With a glossary, you can create, store, and manage all the project terminology in one place. The main aim of terminology is to explain some specific terms or the ones often used in the project to be translated properly and consistently.
Each glossary term is displayed as an underlined word in the Editor. Hover over the underlined term to highlight it and see its translation, part of speech, and definition (if they are provided).
Besides the project glossaries that are automatically created along the respective projects, you can also create separate glossaries, fill them with the appropriate content by uploading your existing glossaries in TBX, XLSX, or CSV format, and then assign these glossaries to the needed projects.
To create a glossary, follow these steps:
Depending on your project needs, you can use a simpler approach with one term per language or make your glossary more detailed and complete using the advanced functionality that glossary concepts can offer.
Concept – the highest-level terminology element that contains concept-level data (e.g., concept definition, subject, etc.), including language-level (i.e., term language) and term-level data (e.g., term, the term’s part of speech, type, etc.). Simply put, a concept incorporates glossary terms and their variations with multiple translations and other relevant information.
You can specify the following concept and term details when adding glossary concepts.
To add a new glossary concept, follow these steps:
To add glossary concepts via the Editor, follow these steps:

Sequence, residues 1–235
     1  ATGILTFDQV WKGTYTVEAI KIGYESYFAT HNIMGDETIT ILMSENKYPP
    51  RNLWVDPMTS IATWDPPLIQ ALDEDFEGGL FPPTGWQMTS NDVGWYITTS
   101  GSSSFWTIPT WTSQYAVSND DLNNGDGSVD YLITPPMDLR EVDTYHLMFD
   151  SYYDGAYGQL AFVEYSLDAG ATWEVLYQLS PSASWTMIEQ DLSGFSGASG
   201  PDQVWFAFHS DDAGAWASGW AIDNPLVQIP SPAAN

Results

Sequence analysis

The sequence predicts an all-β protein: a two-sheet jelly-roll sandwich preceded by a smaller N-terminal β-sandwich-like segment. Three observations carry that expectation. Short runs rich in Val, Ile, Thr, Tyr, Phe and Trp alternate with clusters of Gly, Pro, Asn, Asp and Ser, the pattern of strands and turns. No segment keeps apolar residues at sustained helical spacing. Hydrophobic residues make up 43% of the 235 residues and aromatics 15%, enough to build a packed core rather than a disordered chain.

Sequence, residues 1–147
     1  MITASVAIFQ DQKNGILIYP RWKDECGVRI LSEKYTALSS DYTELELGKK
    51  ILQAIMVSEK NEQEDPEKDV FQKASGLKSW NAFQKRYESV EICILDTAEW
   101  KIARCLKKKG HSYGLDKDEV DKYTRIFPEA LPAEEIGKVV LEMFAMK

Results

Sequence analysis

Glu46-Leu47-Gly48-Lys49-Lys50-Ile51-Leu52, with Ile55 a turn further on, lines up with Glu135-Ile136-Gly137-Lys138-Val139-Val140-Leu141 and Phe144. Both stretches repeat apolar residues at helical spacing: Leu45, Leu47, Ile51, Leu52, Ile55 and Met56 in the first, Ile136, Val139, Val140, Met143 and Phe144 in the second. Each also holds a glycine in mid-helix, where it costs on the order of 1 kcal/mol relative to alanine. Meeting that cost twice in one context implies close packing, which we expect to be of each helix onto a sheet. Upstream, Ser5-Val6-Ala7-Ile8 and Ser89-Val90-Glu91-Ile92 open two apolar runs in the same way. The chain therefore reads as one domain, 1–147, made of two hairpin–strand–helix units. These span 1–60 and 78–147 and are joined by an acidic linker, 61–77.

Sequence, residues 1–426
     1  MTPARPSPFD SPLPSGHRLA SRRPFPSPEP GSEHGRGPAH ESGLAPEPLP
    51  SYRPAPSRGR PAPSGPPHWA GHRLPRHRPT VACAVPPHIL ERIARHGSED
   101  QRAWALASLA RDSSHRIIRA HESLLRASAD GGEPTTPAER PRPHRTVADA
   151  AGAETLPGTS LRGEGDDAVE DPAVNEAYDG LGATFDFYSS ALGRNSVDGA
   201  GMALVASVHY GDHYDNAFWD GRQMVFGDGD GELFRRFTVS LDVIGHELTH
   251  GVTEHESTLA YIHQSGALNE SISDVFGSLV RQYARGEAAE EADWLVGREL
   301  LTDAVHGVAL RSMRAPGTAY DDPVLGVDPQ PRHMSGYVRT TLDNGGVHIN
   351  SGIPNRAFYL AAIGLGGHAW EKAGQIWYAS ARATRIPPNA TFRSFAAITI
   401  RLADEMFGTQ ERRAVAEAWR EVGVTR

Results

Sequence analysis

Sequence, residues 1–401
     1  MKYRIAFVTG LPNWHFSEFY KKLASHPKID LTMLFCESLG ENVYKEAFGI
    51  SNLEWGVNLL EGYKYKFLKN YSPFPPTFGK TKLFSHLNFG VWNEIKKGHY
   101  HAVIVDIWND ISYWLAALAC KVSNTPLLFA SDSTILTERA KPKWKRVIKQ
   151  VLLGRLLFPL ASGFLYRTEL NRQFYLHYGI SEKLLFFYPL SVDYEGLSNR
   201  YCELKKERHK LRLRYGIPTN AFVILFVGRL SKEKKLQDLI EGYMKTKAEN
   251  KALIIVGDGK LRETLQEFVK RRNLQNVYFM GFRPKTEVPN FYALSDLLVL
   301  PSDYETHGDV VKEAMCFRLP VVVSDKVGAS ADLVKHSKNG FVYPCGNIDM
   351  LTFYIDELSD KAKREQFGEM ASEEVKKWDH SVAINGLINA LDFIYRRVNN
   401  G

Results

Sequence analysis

To allow translators and proofreaders to manage terms in the Editor, follow these steps:
You can edit existing glossary concepts of a particular glossary.
To edit a glossary concept, follow these steps:
You can delete one, multiple, or all the glossary concepts at once.
To delete all the concepts from the glossary, follow these steps:
To download or upload the glossary, follow these steps:
The project owner and managers can upload and download the glossary in the following file formats: TBX (v2), TBX (v3), CSV, XLSX.
If you upload a glossary in CSV or XLS/XLSX file formats, select the language for each column and the column value (term, description, or part of speech) in the configuration dialog.
When downloading a glossary from Crowdin, some browsers may add an XML extension to the downloaded file so that the file may be named sample.tbx.xml.
To import such a file back to Crowdin, rename it to sample.tbx.
Once you upload your glossary file in CSV or XLSX formats, the system automatically detects the file scheme based on the column names specified in the first row. The identification is performed in a case-insensitive manner. Columns that weren’t detected automatically will be left as Not used/Not chosen for manual configuration. Automatic column identification is especially helpful when you upload glossary spreadsheets that contain many languages and additional columns (e.g., Status, Type, Gender, etc.).
To get the most out of the automatic column detection, we recommend that you name the columns in your CSV or XLSX glossary files using the patterns described below:
Part of Speech [en], etc.).
Concept Note, etc.).
To redetect the glossary file scheme, click Detect Configuration.
To assign a glossary to your project, follow these steps:
To change your project’s default glossary, follow these steps:
To share your glossaries between all of the projects you own, follow these steps:
Translate your project’s glossary, so all the terms can be used and translated consistently in all the target languages.
To translate the project glossary, follow these steps:
The glossary will be automatically formed into one file and placed in Sources > Files to be translated along with the other source files. Term translations will be synchronized with the glossary.